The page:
The only thing worse than drafting a wide-receiver in the first round is trading up to do so. Buffalo mortgaged the future in order to get someone who won’t help them win now. Then they picked a lineman from Alabama, and linemen from Alabama generally don’t work out in the pros. But at least they did pick some linemen–that is the one and only good thing to say about this draft.
Really, it all goes back to the fact that I am not sold on E.J. Manuel as the quarterback. I don’t care how good Sammy Watkins is; it’s not going to matter if they can’t get him the ball. They would have been so much better off drafting University of Buffalo’s Khalil Mack, but I guess they saw no value in having a hometown star who plays a key position on the team.
But ok; so they decided to go the “build the offense by getting good receivers” route. I have seen no evidence that this plan will work, (look at Arizona for the past decade to see the best outcome of this scheme) but apparently, that was their strategy.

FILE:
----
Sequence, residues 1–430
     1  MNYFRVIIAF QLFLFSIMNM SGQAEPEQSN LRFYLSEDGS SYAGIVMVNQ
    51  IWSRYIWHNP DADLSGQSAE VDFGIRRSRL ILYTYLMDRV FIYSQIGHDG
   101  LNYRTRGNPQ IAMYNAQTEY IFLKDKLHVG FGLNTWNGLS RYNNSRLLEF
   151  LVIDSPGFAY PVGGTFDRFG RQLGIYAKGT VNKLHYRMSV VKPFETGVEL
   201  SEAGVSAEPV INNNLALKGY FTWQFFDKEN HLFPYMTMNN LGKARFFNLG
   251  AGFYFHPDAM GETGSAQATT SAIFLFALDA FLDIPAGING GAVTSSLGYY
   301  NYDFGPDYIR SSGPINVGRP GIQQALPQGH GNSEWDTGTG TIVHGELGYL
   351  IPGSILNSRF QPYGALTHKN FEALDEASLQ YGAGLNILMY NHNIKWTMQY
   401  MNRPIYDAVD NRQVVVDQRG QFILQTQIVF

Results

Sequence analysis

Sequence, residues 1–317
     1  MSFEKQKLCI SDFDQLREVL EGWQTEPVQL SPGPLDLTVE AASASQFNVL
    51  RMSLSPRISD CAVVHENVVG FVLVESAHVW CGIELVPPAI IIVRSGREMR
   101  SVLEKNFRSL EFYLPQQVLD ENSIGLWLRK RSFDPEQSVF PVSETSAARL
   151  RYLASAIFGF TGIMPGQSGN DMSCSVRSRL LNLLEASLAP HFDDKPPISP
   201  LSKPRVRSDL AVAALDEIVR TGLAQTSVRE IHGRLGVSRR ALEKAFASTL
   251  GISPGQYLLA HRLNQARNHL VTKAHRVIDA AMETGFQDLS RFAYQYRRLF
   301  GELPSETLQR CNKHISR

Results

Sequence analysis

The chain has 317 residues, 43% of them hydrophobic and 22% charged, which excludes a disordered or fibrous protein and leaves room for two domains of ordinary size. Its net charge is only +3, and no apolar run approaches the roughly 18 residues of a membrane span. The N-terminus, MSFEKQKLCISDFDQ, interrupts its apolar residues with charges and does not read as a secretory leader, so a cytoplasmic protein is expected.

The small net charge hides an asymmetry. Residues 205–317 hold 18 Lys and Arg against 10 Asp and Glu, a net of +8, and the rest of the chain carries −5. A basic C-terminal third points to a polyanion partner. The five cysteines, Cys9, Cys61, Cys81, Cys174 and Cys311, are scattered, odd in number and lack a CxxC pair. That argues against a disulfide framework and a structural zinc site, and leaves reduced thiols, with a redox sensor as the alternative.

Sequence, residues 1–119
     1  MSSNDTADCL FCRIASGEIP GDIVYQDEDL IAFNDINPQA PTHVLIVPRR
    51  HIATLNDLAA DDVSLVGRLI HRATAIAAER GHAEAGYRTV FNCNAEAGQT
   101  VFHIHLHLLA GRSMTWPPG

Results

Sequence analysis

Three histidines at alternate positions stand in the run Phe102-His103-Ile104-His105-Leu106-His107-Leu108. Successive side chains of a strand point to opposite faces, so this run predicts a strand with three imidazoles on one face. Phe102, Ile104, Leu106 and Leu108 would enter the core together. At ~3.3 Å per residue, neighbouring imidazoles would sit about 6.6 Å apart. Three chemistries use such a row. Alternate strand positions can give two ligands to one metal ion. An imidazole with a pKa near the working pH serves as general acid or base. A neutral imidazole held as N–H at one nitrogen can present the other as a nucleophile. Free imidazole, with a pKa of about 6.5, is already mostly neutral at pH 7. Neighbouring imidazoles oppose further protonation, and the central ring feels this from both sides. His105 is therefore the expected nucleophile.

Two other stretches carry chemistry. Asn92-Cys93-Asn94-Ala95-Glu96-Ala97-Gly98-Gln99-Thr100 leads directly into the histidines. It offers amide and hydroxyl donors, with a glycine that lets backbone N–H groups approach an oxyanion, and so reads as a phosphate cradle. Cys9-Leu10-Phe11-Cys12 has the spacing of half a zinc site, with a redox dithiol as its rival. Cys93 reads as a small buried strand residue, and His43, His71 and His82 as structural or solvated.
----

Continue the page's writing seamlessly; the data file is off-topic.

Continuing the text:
So, if that really is their idea, why would they then go and trade the best (or second-best, if you buy the Watkins hype) receiver on the roster? I mean, do they want to have a strong receiving corps or not?
And of course they failed to draft Michael Sam, which I really thought they should have. That’s not a disaster, but it would have been smart. (By the way, how is it that the Defensive Player of the Year in the best college conference falls to the late seventh-round, especially when the latest any previous recipient of that honor went was in the fifth round?)
To my mind, the clear winner of this draft was Cleveland. They strengthened their defense, got someone who has the potential to be the next Colin Kaepernick or Cam Newton, and got Buffalo’s first-round pick next year (I expect it will be a very high one) to boot.